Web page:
Eighteen food products made by seven different producers on the island have been given the stamp of approval by leading experts at the Great Taste Awards 2021.
The annual awards, organised by the Guild of Fine Food, provide a quality benchmark for the food and drink industry and raises the profile of winning products across the world.
The winning local producers were Andreas Meat Co Ltd, Isle of Man Meats, Aalin Dairy, Berries Luxury Pudding Makers and Confectioners, Paddy’s Hooked on Fish/Robinson’s Ltd, Close Leece Farm and Ramsey Bakery Ltd.
Each of the 10,000 entries was blind tasted by a panel of experts made up of top chefs, buyers and food writers, before the best were awarded a star rating which can be displayed on packaging to inform consumers and help them stand out on retail shelves.
According to the organisers, one star means simply delicious, two is outstanding, and three represents an exquisite tasting product.
Isle of Man Meats’ was the biggest local winner with six awards including the highest three star rating for their matured rib of beef.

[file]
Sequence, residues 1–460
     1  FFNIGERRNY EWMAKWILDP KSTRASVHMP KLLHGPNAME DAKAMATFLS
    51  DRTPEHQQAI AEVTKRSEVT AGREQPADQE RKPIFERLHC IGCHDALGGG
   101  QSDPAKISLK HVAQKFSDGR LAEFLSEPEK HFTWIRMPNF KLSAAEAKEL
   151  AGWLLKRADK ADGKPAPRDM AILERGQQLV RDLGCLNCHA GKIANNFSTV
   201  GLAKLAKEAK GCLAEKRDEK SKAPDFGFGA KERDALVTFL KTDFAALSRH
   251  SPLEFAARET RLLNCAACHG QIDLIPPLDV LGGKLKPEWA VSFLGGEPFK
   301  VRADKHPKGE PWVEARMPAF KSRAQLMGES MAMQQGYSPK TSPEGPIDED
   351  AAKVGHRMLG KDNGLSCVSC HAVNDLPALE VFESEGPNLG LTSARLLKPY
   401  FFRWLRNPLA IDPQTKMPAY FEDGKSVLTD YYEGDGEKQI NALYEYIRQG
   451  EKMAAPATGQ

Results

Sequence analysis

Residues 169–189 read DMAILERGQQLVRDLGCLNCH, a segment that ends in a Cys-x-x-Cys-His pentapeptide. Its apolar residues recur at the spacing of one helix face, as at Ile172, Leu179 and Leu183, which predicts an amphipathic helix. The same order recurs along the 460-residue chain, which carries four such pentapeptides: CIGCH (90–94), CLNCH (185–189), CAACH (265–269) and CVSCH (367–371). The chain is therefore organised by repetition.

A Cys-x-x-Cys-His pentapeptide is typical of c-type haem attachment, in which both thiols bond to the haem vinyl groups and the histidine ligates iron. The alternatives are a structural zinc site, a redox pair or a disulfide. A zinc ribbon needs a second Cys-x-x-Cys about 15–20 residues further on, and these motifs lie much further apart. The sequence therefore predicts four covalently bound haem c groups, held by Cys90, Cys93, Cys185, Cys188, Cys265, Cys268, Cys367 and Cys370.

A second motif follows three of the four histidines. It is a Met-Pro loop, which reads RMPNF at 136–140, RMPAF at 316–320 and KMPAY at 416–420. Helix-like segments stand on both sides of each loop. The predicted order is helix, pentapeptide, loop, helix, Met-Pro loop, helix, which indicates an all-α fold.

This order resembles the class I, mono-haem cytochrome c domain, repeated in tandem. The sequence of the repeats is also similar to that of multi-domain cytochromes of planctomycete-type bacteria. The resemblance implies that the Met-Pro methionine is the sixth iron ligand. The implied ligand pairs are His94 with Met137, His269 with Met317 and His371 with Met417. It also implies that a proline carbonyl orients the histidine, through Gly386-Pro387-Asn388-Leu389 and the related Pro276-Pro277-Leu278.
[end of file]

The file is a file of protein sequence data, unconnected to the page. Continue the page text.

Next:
Phil Parsons, Plant Director at Isle of Man Meats, said: ‘We have won several Great Taste Awards in recent years, but this is our best ever result with six in the same year. It is also the first time we have won the top three star award which judges say is only given to extraordinary tasty foods so we are all thrilled. The success is another independent industry endorsement for the quality of our products, and that reflects positively on the business and our network of producers, retailers, business partners and all other stakeholders.’
Seven local products including meats, luxury cakes and seafood earnt two star ratings and 10 more gained one star recognition.
Geoffrey Boot, Minister for DEFA, said: ‘The Great Taste Awards are the world’s largest and most trusted industry awards for food and drink – and we’re thrilled to see so many local producers recognised. Following the success of our food and drink festival it really does show that the island’s food producers are thriving.’